Geneva, Nov 10 : Working under the sun is leading to nearly 1 in 3 deaths from non-melanoma skin cancer, according to joint estimates by the World Health Organization (WHO) and the International Labour Organization (ILO).
The research released in the journal Environment International finds that outdoor workers carry a large and increasing burden of non-melanoma skin cancer and calls for action to prevent this serious workplace hazard and the loss of workers’ lives it causes.
According to the joint estimates, 1.6 billion people of working age (15 years or older) were exposed to solar ultraviolet radiation while working outdoors in 2019, equivalent to 28 per cent of all working-age people.
In the same year, almost 18,960 people in 183 countries died from non-melanoma skin cancer due to having worked outdoors in the sun. The number increased by 88 per cent — from 10,088 deaths in 2000.
The estimates establish occupational exposure to solar ultraviolet radiation as the third highest attributable burden of cancer deaths globally, behind only asbestos and silica dust.
“Unprotected exposure to solar ultraviolet radiation at work is a major cause of occupational skin cancer,” said Dr Tedros Adhanom Ghebreyesus, WHO Director-General, in a statement.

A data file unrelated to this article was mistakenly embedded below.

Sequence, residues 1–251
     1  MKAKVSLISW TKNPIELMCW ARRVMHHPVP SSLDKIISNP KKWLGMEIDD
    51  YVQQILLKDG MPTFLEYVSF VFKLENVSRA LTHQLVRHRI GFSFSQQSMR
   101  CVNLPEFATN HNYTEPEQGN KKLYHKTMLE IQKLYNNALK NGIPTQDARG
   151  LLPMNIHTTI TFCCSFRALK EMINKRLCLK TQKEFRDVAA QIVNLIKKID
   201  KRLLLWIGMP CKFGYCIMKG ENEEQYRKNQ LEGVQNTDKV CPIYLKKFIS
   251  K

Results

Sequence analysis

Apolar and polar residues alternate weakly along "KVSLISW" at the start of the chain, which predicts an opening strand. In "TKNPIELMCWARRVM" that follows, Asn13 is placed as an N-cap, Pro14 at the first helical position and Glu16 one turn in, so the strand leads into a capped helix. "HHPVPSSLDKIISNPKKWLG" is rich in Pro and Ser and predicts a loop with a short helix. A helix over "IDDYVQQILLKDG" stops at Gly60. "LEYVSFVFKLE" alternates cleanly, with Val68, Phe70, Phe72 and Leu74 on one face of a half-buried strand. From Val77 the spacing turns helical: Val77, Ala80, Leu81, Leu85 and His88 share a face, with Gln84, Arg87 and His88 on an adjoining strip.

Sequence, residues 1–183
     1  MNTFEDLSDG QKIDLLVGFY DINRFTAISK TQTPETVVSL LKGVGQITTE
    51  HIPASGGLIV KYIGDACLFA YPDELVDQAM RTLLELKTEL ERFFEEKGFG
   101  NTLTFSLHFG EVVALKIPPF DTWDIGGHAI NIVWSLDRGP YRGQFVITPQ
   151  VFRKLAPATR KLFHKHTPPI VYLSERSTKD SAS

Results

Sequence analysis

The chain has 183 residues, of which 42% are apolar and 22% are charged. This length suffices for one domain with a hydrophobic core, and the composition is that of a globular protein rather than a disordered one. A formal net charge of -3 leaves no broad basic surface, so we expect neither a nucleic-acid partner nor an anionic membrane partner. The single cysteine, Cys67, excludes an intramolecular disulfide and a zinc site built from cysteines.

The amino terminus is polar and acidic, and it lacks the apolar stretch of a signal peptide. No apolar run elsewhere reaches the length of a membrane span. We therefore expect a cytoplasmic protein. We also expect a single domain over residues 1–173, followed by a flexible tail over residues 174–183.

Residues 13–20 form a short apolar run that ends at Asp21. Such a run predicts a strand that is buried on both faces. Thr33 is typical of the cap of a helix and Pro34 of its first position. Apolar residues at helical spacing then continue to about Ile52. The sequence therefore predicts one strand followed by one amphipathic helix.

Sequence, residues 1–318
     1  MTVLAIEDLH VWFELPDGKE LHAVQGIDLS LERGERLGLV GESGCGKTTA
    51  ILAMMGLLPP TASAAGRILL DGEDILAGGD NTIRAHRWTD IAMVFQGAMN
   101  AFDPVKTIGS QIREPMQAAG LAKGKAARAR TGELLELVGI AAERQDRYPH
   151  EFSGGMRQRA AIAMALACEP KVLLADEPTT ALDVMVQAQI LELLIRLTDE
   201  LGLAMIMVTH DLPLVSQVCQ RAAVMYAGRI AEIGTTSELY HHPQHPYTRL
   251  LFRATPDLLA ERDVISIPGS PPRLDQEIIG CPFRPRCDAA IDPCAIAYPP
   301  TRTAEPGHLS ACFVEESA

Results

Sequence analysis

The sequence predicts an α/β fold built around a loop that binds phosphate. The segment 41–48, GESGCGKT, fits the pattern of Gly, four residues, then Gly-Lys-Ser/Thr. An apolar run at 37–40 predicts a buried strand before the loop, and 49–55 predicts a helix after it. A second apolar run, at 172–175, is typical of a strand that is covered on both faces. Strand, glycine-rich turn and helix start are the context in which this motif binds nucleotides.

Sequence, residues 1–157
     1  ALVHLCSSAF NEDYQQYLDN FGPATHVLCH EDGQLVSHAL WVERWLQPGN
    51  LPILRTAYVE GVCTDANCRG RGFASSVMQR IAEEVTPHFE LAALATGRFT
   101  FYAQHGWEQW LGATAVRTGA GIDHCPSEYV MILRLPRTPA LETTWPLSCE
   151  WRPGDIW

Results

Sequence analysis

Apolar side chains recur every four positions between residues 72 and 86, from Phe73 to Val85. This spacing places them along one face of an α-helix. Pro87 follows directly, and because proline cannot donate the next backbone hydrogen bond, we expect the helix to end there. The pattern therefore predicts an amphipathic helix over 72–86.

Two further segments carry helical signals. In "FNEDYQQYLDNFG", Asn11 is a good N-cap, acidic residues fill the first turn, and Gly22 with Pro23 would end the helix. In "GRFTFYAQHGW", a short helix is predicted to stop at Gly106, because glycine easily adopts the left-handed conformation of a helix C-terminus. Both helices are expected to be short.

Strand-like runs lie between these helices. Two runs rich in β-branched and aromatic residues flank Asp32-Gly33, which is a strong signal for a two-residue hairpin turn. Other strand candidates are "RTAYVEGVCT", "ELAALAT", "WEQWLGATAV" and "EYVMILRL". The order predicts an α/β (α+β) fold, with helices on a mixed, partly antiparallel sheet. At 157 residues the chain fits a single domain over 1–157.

“But there are effective solutions to protect workers from the sun’s harmful rays, and prevent their deadly effects,” he added.
The WHO called for more action to protect workers from hazardous outdoor work in the sunlight. As skin cancer develops after years or even decades of exposure, workers must be protected from solar ultraviolet radiation at work from young working age onwards.
Governments should establish, implement and enforce policies and regulations that protect outdoor workers from sun-induced skin cancer by providing shade, shifting working hours away from the solar noon, providing education and training, and equipping workers with sunscreen and personal protective clothing (such as broad-brimmed hat, long-sleeved shirts and long trousers), the UN health body said.
“A safe and healthy working environment is a fundamental right at work,” said Gilbert F. Houngbo, ILO Director-General, in the statement.
“Death caused by unprotected exposure to solar ultraviolet radiation while working is largely preventable through cost-effective measures. It is urgent that governments, employers and workers and their representatives work together in a framework of well-defined rights, responsibilities and duties to reduce the occupational risk of UV exposure. This can save thousands of lives every year,” Houngbo added.